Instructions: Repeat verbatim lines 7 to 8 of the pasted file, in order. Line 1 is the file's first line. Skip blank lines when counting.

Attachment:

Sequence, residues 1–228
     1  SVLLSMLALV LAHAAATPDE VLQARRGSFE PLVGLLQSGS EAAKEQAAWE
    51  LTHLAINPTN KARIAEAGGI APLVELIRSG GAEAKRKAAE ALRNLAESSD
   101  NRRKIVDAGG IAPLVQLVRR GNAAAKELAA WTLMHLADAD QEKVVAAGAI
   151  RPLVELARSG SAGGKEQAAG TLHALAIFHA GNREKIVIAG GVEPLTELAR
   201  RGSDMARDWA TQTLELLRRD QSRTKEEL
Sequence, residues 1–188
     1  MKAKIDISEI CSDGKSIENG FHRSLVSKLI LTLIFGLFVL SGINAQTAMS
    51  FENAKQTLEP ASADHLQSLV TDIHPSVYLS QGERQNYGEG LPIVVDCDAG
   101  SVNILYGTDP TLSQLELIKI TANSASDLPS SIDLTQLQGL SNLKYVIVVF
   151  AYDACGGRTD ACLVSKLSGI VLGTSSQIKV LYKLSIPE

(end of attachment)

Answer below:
Sequence, residues 1–188
     1  MKAKIDISEI CSDGKSIENG FHRSLVSKLI LTLIFGLFVL SGINAQTAMS